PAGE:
The USA ranks 2nd, so what's your point? Am I missing something?

  • Tom
    2:04 am on May 7th, 2009 2

    So why is the US number so high? Are they all playing with guns?

  • Not a fun night
    3:19 am on May 7th, 2009 3

    Ok so Mexico is number one so i guess they are going to get killed off soon with swine flu now too. Now as far as Korea goes would fan death be considered an accidental death?

  • ChickenHead
    3:30 am on May 7th, 2009 4

    "The USA ranks 2nd, so what’s your point? Am I missing something?

    Duh… it's all the Mexican and Korean-Americans skewing the statistics… obviously.

  • Avatar of GI KoreaGI Korea
    11:09 am on May 7th, 2009 5

    Maybe you missed the sentence where I said traffic safety in Korea is trending in the right direction, which is good to see?

  • Pete
    11:58 am on May 7th, 2009 6

    Mexico has a problem. I am really suprised that the US is second on this list. If this is correct we need to do something to correct this problem. I would have thought Korea would rank ahead of the US. Several things may come into play here. Mexico may be so high because of poor medical care following accidents. The US may be higher than Korea because of the driving distances and speed driven in the US. Also, a lot of Korean kids are in evening school, after regular school, and this could keep them from accidents.

  • ChickenHead
    1:28 pm on May 7th, 2009 7

    Here is a bit more info…

    It turns out this is old news… a few years ago, Korea was NUMBER ONE by a large margin… due to traffic accidents.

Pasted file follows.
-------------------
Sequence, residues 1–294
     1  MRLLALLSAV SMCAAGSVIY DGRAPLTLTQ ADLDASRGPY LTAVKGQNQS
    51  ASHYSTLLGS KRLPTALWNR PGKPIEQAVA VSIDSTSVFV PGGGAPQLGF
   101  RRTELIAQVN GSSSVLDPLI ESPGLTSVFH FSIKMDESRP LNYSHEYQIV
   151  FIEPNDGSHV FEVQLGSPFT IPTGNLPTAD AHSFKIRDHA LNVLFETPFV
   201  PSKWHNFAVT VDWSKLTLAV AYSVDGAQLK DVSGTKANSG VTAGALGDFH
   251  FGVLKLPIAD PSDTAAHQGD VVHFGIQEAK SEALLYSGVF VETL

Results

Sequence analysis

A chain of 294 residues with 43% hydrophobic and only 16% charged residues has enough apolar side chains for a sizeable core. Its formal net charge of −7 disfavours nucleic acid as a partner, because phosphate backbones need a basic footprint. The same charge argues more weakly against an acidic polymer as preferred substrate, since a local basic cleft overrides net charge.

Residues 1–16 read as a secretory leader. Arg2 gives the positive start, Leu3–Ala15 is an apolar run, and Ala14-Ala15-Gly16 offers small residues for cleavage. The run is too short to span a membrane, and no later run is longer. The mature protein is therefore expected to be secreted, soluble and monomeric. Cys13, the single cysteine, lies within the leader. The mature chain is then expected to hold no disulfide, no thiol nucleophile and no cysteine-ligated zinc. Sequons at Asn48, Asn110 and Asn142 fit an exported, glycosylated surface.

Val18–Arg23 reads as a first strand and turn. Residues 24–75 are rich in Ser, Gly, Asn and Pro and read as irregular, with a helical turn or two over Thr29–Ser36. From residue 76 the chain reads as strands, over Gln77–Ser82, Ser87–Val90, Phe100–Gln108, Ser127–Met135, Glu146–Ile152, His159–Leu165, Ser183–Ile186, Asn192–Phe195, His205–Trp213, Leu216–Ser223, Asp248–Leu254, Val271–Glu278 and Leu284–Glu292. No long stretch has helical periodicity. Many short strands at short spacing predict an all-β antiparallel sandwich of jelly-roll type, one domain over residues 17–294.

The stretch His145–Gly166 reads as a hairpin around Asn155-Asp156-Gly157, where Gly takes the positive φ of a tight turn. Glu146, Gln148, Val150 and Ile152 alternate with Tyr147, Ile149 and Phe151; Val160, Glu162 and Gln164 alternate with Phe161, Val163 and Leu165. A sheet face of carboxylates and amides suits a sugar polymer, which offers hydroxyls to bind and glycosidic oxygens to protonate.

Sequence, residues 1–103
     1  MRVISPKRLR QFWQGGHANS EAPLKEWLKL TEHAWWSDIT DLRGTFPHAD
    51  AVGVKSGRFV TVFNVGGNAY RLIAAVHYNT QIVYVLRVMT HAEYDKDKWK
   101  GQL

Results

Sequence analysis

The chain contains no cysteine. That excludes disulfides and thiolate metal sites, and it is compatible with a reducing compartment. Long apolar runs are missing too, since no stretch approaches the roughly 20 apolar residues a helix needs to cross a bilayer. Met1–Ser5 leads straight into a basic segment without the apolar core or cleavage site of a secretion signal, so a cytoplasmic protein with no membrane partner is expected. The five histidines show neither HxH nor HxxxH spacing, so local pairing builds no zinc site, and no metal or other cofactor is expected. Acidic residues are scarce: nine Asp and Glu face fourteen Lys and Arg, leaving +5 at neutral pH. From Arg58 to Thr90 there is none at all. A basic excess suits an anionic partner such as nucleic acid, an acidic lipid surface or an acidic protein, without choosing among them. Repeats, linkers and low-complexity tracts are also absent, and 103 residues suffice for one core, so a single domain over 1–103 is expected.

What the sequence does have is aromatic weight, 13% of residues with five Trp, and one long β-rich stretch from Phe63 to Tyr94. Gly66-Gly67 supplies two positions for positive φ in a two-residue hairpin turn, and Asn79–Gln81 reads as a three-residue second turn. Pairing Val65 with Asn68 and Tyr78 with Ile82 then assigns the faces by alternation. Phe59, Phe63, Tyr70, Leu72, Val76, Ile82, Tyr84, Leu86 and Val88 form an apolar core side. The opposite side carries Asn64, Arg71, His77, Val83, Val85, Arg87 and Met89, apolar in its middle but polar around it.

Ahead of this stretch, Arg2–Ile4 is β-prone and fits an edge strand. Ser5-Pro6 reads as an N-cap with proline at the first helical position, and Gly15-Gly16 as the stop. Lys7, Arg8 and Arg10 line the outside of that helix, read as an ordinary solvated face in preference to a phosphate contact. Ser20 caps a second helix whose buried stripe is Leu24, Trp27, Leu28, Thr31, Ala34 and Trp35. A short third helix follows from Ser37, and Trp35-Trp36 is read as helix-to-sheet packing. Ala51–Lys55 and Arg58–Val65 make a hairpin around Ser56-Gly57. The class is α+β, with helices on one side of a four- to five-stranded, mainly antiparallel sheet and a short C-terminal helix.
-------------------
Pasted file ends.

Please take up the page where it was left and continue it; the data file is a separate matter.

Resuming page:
The reasons each country has high numbers are different.

    Here are some points to consider…

    Korea can blame traffic accidents, lack of carseats and seatbelt use and kids running out from behind parked cars on narrow streets where Delivery Ajashi is hauling balls-to-the-wall in a Bongo.

    There is a correlation between child deaths and poverty. This is evident in Mexico. This is also a factor in the United States where, although people don't like to admit it, large populations live (somewhat by choice) in third-world conditions.

    This ties in with "The likelihood of a child being injured or killed is also associated with single parenthood, low maternal education, low maternal age at

    birth, poor housing, large family size, and parental drug or alcohol abuse." This also describes a large portion of the American population.

    This is a little out of date but many of the statistics have remained consistent.

    zz zhttp://www.unicef-icdc.org/publications/pdf/repcard2e.pdf

  • Avatar of GI KoreaGI Korea
    2:05 pm on May 7th, 2009 8

    I couldn't find the stats for why the US was so high, so I don't know if it is car accidents. Remember this list is for accidents in general not just traffic related ones. So the US could have a bunch of kids that drown every year in a swimming pool for all I know. The last stat I saw Korea was still topping the OECD in traffic accidents, but the trend overall is that traffic conditions in Korea are improving.